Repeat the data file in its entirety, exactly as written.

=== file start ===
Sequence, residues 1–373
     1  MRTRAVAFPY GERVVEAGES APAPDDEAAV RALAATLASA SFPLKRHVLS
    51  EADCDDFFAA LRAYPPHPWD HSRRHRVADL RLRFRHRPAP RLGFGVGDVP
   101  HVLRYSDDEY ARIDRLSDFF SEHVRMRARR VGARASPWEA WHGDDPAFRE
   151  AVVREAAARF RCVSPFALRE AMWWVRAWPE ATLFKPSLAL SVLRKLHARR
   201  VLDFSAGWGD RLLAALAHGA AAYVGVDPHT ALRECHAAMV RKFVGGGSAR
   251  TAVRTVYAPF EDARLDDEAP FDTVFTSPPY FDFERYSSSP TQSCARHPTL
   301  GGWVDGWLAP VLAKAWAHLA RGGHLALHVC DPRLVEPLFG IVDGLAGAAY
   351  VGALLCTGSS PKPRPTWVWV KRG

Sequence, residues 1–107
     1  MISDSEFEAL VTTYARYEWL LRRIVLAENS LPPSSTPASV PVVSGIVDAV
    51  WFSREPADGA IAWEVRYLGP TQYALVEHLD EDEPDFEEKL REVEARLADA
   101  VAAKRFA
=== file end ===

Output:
Sequence, residues 1–373
     1  MRTRAVAFPY GERVVEAGES APAPDDEAAV RALAATLASA SFPLKRHVLS
    51  EADCDDFFAA LRAYPPHPWD HSRRHRVADL RLRFRHRPAP RLGFGVGDVP
   101  HVLRYSDDEY ARIDRLSDFF SEHVRMRARR VGARASPWEA WHGDDPAFRE
   151  AVVREAAARF RCVSPFALRE AMWWVRAWPE ATLFKPSLAL SVLRKLHARR
   201  VLDFSAGWGD RLLAALAHGA AAYVGVDPHT ALRECHAAMV RKFVGGGSAR
   251  TAVRTVYAPF EDARLDDEAP FDTVFTSPPY FDFERYSSSP TQSCARHPTL
   301  GGWVDGWLAP VLAKAWAHLA RGGHLALHVC DPRLVEPLFG IVDGLAGAAY
   351  VGALLCTGSS PKPRPTWVWV KRG

Sequence, residues 1–107
     1  MISDSEFEAL VTTYARYEWL LRRIVLAENS LPPSSTPASV PVVSGIVDAV
    51  WFSREPADGA IAWEVRYLGP TQYALVEHLD EDEPDFEEKL REVEARLADA
   101  VAAKRFA